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1 avril 2015 3 01 /04 /avril /2015 11:35
JDS Izumo DDH183 helicopter carrier - photo Japan MoD

JDS Izumo DDH183 helicopter carrier - photo Japan MoD


March 28, 2015 By Franz-Stefan Gady – The Diplomat


Japan now has all the building blocks to field a powerful carrier strike group.


This week, Japan’s Maritime Self-Defense Force commissioned the JDS Izumo (DDH-183), a helicopter destroyer, in a ceremony at the JMSDF Yokosuka naval base in Yokohama.

The new carrier’s principal task, although touted as a multi-purpose vessel, will be anti-submarine warfare and command-and-control operations to protect Japanese territories in the East China Sea.

“This heightens our ability to deal with Chinese submarines that have become more difficult to detect,” one Japanese official noted. According to other  JMSDF officials, the ship will also be used for humanitarian aid and disaster relief (HADR) operations.

With a 27,000 tons displacement when fully loaded (some sources state 24,000 tons), the 248 m-long  Izumo-class helicopter carrier is the largest surface combatant in the Japanese fleet to date, and substantially bigger than its predecessor, the Hyūga-class, which yielded 19,000 tons.

The ship will have a crew of around 470 and also can carry up to 400 JSDF troops.  IHS Jane’s Defence Weekly notes about the vessels’s specifications:

Izumo is equipped with an OQQ-22 bow-mounted sonar for submarine prosecution while air defence is provided by two Raytheon RIM-116 Rolling Airframe Missile SeaRAM launchers and two Phalanx close-in weapon systems. (…)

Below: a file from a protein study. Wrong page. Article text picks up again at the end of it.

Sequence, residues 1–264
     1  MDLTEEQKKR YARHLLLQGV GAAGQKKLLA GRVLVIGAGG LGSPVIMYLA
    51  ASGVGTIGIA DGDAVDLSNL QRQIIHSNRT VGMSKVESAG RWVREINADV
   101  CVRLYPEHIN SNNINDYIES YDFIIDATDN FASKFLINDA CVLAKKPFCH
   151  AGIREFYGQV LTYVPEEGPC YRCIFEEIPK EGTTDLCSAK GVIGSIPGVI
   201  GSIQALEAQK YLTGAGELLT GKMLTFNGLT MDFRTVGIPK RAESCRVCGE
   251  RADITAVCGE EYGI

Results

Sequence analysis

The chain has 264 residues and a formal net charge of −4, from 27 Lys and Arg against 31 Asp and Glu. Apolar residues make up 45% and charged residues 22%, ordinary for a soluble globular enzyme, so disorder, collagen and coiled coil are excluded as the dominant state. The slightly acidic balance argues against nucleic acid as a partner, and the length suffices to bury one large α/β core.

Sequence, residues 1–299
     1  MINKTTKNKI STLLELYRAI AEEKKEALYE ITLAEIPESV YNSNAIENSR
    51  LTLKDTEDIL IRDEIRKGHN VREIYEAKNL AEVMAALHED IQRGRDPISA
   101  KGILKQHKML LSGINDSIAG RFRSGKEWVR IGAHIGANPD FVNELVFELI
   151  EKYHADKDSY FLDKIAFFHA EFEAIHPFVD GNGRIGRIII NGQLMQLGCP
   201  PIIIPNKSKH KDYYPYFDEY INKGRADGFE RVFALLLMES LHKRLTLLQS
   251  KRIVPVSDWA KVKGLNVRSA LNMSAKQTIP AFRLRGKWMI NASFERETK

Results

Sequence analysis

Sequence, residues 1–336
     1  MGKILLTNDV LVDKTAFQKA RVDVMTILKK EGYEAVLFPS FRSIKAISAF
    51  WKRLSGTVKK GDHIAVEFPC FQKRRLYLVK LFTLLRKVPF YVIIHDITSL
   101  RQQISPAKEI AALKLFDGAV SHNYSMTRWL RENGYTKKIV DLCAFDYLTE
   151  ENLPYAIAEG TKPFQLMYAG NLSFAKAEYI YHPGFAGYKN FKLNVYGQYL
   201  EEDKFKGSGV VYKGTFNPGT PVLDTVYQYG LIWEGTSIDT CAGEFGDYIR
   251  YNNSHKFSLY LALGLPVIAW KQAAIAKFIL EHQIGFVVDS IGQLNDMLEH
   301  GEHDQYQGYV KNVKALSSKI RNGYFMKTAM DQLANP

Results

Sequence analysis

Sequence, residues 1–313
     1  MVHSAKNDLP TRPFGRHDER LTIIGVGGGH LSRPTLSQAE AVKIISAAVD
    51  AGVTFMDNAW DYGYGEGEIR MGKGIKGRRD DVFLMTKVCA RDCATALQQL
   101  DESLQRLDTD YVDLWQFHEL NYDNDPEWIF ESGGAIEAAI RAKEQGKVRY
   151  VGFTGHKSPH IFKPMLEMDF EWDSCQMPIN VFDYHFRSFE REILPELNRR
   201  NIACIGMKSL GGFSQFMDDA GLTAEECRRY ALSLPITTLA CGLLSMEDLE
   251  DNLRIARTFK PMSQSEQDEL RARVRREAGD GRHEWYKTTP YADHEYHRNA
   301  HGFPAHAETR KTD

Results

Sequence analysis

[I]t can embark Sikorsky/Mitsubishi SH-60K Seahawk anti-submarine warfare helicopters and the Izumo class’s air wing will also include two airborne mine countermeasures versions of the Kawasaki Heavy Industries/AgustaWestland MCH-101 helicopter – JMSDF officials claim that the ship will be deployed mainly for border surveillance and humanitarian assistance and disaster relief missions. (..) Officials in Tokyo have also suggested it will embark Bell-Boeing V-22 Osprey tilt-rotor aircraft.

The ship is designed to accommodate up to 14 helicopters (seven Mitsubishi-built SH-60k ASW helicopters and seven Agusta Westland MCM-101 mine countermeasure helicopters), five of which can simultaneously take off and land, given the Izumo’s large flight deck and five landing spots.

USNI News notes that the Izumo could also accommodate fixed wing aircraft – perhaps up to 27 total:

The ship would also be able to field American MV-22s and potentially the short takeoff and vertical landing variant of the Lockheed Martin F-35 Lighting II Joint Strike Fighter (JSF), however Japanese defense officials have repeatedly said they have no plans to use the JSF on the Izumo.

The new carrier is slightly larger than other light carriers, such as the Italian Cavour and the Spanish Principe de Asturias – both of which carry fixed wing aircraft. Total costs of the ship are billed at about 120 billion yen ($1 billion), although they may be as high as $ 1.5 billion.

The naming of the vessel caused some controversy. “[T]he name Izumo itself has historical baggage: the original Izumo, an armored cruiser that participated in the Battle of Tsushima, was purchased with reparations from the first Sino-Japanese War. There is little doubt all parties, particularly the Chinese, are aware of the lineage,” one analyst noted.

The new carrier joined the MSDF’s Escort Flotilla 1 based in Yokosuka, Kanagawa Prefecture. The JS Izumo’s sister ship, also constructed by the IHI Marine United Yokohama Shipyard (which already built the Hyūga-class helicopter destroyers), will be launched this August and is scheduled to be commissioned in March 2017.